(in which Berman’s partner urges him to keep digging)
When I got home, Jane was just pulling into the driveway after doing a reading tutoring session. She works in the local schools during the week, mostly elementary and middle schools, but she volunteers to do the same thing for adults on the weekend, usually Saturday morning. She is an amazing person. Like I said before, she’d have to be to put up with a tortured soul like me. But she really does care about people. She hangs out with the peaceniks in Bangor, and sings in the Peace Choir they started a couple years ago. She’s really something, and she’s still fairly “hot,” as the kids say, even though we’re both pushing into what the Labor Department refers to as middle age. I pulled in behind her and she waited for me to walk into the house.
“So, Mr. Philosopher, did you and your smoking buddy get it all figured out?”
I’d told her I was hoping to find some answers talking with this guy, but I admitted to her that it hadn’t really worked out that way.
“No, all he seems to want to do is play Socrates and raise more questions. He basically rejected my invention theory. He didn’t want to blame all the killing on whoever came up with the things we kill each other with.”
She patted my arm.
“Poor Jed. So passionate about these things.”
“I guess I am,” I admitted, “but you are too, aren’t you? All the time you spend with the Peace Choir and the justice crowd. Wouldn’t you like to understand it? Don’t even bother to answer that. I know you would. I guess my mistake is thinking any one person on the face of the earth is going to be able to lead me to the truth.”
“Don’t give up yet, Jed. And I think you should keep talking with this guy. What’s his name?”
“Oh, yeh, that’s the best part of our session today. I finally asked him his name. Guess what it is?”
“Come on, Jed. How would I know? What is it?”
“Well, he wouldn’t even tell me his real name. He said I should call him Doris. He said he’s a Doris Kearns Goodwin groupie or something.”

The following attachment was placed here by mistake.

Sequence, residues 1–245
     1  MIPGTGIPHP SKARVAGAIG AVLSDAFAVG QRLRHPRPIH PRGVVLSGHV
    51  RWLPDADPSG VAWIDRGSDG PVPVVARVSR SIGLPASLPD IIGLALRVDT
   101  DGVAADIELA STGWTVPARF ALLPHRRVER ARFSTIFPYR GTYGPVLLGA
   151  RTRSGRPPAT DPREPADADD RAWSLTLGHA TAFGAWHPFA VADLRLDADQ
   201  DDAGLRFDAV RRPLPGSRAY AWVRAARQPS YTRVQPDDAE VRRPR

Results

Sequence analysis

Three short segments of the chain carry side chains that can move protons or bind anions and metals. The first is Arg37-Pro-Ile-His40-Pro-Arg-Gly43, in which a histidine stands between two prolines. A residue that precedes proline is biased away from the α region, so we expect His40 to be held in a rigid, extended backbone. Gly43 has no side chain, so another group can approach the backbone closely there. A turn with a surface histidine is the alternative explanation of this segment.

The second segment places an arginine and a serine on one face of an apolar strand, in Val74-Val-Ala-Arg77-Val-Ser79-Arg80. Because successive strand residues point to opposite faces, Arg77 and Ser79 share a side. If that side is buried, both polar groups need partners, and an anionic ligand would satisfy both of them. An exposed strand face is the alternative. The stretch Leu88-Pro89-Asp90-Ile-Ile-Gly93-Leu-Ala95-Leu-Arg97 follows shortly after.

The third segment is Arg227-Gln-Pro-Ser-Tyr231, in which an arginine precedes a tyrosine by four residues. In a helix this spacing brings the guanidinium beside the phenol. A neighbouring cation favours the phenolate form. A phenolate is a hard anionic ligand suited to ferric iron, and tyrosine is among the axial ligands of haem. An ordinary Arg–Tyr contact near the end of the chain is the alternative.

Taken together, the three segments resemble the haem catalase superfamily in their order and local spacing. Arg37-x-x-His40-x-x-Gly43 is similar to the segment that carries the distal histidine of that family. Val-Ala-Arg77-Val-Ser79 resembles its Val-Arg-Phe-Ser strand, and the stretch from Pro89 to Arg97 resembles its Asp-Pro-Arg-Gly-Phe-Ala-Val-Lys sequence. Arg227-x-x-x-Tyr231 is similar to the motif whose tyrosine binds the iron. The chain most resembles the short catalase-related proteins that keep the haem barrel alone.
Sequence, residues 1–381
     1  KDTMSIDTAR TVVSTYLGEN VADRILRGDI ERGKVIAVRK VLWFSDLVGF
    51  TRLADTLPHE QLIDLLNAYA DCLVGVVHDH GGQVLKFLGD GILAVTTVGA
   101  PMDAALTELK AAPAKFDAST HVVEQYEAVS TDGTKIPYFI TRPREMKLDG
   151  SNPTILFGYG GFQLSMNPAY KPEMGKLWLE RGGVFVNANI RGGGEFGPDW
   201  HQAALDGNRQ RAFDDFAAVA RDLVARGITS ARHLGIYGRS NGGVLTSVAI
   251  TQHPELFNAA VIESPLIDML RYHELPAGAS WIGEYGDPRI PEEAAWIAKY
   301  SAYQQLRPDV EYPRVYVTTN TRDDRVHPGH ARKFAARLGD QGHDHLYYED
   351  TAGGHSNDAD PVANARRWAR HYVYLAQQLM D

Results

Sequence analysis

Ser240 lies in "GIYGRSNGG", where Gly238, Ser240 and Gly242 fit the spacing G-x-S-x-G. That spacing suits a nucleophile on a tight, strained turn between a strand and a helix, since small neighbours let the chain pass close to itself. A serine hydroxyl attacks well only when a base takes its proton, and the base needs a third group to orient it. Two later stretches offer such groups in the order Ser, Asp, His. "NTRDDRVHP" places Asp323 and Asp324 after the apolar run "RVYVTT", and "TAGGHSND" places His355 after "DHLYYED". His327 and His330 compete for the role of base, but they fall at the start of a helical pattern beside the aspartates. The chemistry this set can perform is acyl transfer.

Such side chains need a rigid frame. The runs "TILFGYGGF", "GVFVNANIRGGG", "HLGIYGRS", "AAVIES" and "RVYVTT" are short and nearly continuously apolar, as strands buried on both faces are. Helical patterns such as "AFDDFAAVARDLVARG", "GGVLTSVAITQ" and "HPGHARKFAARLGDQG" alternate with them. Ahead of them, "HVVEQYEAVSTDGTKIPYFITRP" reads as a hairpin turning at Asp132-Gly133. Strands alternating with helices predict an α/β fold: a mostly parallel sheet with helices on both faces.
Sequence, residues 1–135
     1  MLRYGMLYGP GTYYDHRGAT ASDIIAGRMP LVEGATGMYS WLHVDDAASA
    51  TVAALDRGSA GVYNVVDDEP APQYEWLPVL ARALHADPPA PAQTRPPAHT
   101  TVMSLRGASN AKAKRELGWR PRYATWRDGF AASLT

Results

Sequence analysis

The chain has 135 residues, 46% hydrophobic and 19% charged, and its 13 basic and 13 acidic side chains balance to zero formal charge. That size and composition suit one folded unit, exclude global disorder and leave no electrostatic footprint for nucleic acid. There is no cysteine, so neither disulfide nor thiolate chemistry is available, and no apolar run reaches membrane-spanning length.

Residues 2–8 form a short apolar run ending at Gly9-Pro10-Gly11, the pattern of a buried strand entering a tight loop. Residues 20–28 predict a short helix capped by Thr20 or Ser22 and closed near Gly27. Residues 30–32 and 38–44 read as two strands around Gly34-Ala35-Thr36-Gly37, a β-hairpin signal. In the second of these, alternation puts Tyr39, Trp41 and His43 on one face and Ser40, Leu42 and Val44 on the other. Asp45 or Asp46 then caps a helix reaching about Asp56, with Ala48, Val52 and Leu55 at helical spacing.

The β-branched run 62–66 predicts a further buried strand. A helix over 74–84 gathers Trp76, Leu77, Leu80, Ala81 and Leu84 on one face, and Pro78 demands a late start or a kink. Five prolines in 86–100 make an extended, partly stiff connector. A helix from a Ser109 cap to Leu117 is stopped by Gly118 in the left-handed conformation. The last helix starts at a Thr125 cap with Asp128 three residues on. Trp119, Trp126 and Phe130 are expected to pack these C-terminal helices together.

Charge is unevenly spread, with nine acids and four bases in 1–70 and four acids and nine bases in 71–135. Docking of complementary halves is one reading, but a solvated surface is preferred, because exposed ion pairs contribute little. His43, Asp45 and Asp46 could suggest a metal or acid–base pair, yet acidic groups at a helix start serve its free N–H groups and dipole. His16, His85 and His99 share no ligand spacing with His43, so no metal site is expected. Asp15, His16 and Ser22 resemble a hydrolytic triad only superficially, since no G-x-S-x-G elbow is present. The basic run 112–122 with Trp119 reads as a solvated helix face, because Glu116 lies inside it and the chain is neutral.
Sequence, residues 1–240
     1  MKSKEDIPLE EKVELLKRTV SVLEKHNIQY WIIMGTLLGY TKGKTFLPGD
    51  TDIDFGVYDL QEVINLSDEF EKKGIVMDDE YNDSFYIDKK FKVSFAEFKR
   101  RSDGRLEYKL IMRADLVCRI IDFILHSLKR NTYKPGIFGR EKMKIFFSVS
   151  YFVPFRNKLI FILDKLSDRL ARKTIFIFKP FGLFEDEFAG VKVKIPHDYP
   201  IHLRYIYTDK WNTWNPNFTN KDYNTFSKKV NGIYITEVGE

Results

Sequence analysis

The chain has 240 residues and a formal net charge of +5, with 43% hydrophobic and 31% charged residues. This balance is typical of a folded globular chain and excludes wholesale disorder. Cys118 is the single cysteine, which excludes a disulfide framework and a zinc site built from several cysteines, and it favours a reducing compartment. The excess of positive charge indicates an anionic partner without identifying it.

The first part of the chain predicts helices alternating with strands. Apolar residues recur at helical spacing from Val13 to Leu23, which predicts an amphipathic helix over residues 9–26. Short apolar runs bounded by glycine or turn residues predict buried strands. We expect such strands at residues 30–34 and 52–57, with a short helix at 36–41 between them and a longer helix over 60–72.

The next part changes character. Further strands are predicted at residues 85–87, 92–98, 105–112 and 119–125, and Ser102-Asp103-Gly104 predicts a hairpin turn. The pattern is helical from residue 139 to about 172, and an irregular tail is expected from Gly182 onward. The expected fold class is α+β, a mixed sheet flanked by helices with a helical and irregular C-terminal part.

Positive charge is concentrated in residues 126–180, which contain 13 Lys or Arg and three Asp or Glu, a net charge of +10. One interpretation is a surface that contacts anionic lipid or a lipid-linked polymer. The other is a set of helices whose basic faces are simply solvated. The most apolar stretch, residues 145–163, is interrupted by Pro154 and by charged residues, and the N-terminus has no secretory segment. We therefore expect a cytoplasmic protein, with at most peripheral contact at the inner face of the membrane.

“You mean the historian Doris Kearns Goodwin?”
“That’s the one.”
She chuckled a little.
“Well, that makes him all the more interesting, doesn’t it? If you ask me, we don’t have nearly enough eccentrics around these days. Did Doris have an alternative explanation to your invention thing?”
“Not exactly. He just kept saying he didn’t think inventors could single-handedly perpetrate all the killing that’s gone on since forever. He said he thought we should look higher up on the food chain for people who could make inventions happen and then make people use them for violent purposes, like war.”
Jane nodded and sort of hummed a little, like Doris had.
“You know, Jed, I didn’t want to say anything until you had a chance to run the inventor thing by,” she paused and smiled as she said “Doris,” “but I wasn’t sure it was enough of a theory to explain the things you’ve been pondering for so long. Are you going to follow up on his new questions?”
We were standing in the front hallway by the coat closet. As she closed the door, she turned around to me and stretched up and gave me a kiss.
“I think you should keep at it, Jed. Even if you figure it all out, I don’t know if you’ll be able to change the whole world anymore than I can working with the peace people. But I think it’s a noble crusade and it keeps you—Mr. Big J Journalist—sensitized to the injustice and violence inflicted on so many people so many places every single day. I want my news delivered by someone who understands that, and isn’t in it just for cheap fame and glory. So keep on tilting at those windmills, Jed. I’m with you, honey.”
“Wait a minute,” I objected, “I’d like to think I’m operating out of a state of mind a bit less deluded than Don Quixote.”
“Oh, you are, big man. But you and the Don share the same big heart. That’s why I love you both.”
She kissed me again and headed into the kitchen to fix lunch. With that kind of encouragement, who wouldn’t keep at it? But, as I said before, I sometimes wish I’d never gotten into this. I wish I could just accept the way things are and get on with my life, like most people do.
I kept thinking about it and tried to do some reading, but my new job made some serious demands on my time, too. It turned out Fred DeMarco wasn’t just looking for an anchor; he needed some additional reporting firepower, too, and I was only too glad to provide it.